I don’t like most game shows. I’m a high-functioning introvert, but the bright lights, noise and screaming frighten me. With one exception. I really enjoy Jeopardy. When I happen to catch it on television during an evening of channel surfing, I like playing along at least for a minute or two. In the no-stress environment of my living room, I am really good. Especially when I discount categories like “Broadway Musicals.”
What I really like about Jeopardy, though, is the format. Alex Trebec gives you the answer and the object is to provide the correct question – forcing me to think backwards. That little bit of a twist on my mental hardwiring engages an ability to dig a bit deeper for each challenge. Jeopardy teaches us to think differently.
Thinking backwards makes the mind focus on the outcome first, and only secondarily on the process. Limitations, objections, obstacles all take on secondary importance to the result. The process becomes more clear the better defined the desired end result.
Indeed, thinking backwards is a good way to achieve results. I heard not long ago about an employee for a metal drill bit company who realized his company was in all reality NOT selling drill bits. What the company’s customers really wanted were holes. The employee suggested that the company start thinking about how to make better holes. Two years later the company launched its first laser drill.
Let’s think backwards about your career as a travel consultant. Let’s don’t start with how you do your job, or prospect for clients or educate yourself. That’s starting with the process. Instead, let’s start with the end result.
Imagine the world’s greatest travel consultant. How would the world’s greatest travel consultant do the things you do each day? I’m pretty sure when you entered our profession, the end result you envisioned was you in the role of the world’s greatest travel consultant. No one gets into business thinking “someday I’m going to be so average!”
Join me in thinking backwards for a moment. Let’s start with the image of the world’s greatest travel consultant.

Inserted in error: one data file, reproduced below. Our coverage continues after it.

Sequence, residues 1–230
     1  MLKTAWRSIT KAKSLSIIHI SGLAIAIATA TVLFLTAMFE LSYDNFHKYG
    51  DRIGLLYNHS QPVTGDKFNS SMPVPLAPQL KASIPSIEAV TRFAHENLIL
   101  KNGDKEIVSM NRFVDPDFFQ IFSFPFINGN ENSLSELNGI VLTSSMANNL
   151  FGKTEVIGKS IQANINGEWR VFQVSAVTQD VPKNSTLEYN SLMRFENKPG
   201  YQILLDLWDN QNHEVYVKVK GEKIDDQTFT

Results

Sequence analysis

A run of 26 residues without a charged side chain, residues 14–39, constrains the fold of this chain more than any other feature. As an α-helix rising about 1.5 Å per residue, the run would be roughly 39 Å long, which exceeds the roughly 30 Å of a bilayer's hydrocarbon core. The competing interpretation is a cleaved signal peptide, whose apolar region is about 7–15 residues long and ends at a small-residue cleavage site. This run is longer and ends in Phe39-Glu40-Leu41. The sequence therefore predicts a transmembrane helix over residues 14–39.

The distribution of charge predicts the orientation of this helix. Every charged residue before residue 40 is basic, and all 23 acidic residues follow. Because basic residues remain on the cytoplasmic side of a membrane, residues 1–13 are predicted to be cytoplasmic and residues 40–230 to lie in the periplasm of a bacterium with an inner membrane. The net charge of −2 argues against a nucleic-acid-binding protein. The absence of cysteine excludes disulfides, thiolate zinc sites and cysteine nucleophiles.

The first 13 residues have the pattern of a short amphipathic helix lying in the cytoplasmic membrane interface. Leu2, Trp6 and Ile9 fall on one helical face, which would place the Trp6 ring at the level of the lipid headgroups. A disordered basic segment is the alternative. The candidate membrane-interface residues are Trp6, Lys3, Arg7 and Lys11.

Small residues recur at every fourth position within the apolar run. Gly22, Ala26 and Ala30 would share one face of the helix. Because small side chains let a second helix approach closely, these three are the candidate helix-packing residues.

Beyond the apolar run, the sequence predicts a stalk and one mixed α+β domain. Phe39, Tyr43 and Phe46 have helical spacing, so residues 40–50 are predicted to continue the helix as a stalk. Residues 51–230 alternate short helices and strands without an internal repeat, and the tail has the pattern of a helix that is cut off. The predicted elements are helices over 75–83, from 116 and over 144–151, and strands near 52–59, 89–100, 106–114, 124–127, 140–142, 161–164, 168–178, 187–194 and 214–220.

How would the world’s greatest travel consultant choose, and interact with, their supplier partners? How would the world’s greatest travel consultant deal with a difficult client? How would the world’s greatest travel consultant think about time management, sales and marketing? How would the world’s greatest travel counselor dress? What would their web site look like? How would the world’s greatest travel counselor train on an ongoing basis? How would the world’s greatest travel counselor speak to their clients, deliver presentations and orchestrate meetings?
Here is an interesting experiment. As you go through your routine today, ask yourself about each task “How would the world’s greatest travel consultant do this?” Before you make that important phone call to the client ask yourself “How would the world’s greatest travel consultant make this call? What would they say? How would they sound? What kind of result would they expect?” Then, resolve to make the phone call just as you imagine the world’s greatest travel consultant might. Projecting yourself into the role of the end result might just help you better realize how to achieve the result.
Envision the travel consultant you want to be and become that image. Reclaim the vision you have of the travel industry and your role as a part of it.
Anything less places you and your career, maybe even the whole of the profession, in jeopardy.